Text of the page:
Covid-19 Can I use lay off and short time to cope with Covid-19 ?
In the current fight against the corona virus Covid-19 many employers thoughts are turning to the use of short time and lay off. This short guide will help employers in Ireland understand the uses and benefits of the short time and lay off provisions in Irish employment law
Lay off and short time defined
These are set out in the Redundancy Payments Acts 1967-2014. Short time is where an employee’s hours of work or pay are reduced to less than 50% of normal weekly hours or pay. Lay off is where an employer is temporarily unable to provide sufficient work for the employee.
You must have a reasonable belief that the situation is temporary.
You would normally have to give notice, but in the current Covid-19 crisis short notice could be justified.
You must not discriminate when choosing the employees to lay off or put on short time.
Must I pay workers on short time or lay off ?
To answer this you need to examine each workers contract of employment. There must be a clause in the contract allowing you to place a worker on short time or lay off without their consent.
It may be the custom and practice in your particular industry to do so, in which case you could argue that you have an implied right to do so.
What about redundancy payment ?
The entitlements mentioned in this paragraph, regarding claiming redundancy payment, have been suspended for the emergency period (From 13 March 2020 to 31 May 2020, this period may be extended) following the introduction of the Emergency Measures in the Public Interest Act (Covid-19) 2020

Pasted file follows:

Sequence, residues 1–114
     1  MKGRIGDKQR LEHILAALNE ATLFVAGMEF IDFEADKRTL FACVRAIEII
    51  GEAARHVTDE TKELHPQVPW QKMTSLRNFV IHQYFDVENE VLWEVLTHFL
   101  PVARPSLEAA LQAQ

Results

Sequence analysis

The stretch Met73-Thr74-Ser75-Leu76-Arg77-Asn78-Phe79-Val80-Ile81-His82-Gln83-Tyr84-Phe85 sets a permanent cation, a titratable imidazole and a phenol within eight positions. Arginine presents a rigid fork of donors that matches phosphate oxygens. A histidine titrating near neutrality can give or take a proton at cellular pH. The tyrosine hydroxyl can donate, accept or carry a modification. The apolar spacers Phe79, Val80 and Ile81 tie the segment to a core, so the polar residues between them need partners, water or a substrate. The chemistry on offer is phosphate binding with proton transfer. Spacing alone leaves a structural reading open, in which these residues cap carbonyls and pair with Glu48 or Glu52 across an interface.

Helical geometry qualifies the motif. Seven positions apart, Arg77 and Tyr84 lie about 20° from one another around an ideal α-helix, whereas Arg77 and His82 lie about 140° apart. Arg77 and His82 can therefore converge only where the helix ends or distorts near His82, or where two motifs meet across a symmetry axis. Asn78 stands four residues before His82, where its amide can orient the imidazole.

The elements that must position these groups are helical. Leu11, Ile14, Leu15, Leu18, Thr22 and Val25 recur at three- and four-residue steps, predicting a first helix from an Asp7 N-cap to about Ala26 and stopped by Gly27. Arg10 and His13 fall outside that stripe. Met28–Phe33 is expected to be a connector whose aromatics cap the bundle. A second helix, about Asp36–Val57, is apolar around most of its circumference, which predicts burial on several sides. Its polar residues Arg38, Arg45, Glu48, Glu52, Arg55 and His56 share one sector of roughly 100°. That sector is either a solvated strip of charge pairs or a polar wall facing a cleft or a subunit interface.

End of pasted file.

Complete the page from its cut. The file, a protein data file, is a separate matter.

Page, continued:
An employee can notify the employer in writing of their intention to claim statutory redundancy payment, provided they meet the criteria. This right arises where the employee has been laid off or put on short time for 4 or more consecutive weeks. Where the periods have not been consecutive, the period is 6 or more weeks within a 13 week period of which not more than 3 are consecutive. The notice must be given by the employee to the employer before 4 weeks of the ending of the lay off or short time period.
You as an employer can give a counter notice to the employee, denying the redundancy payment on the grounds that you can offer them at least 13 weeks work without being laid off or put on short time.
Consider the use of annual holidays
As an employer you can decide when an employee takes their annual holidays. You must take into account the employee’s family responsibilities and opportunity for rest and recreation. You must consult with the employee or their trade union at least one month before the leave is to be taken.
This is just a short summary of what is available to you as an employer in terms of lay off and short time working.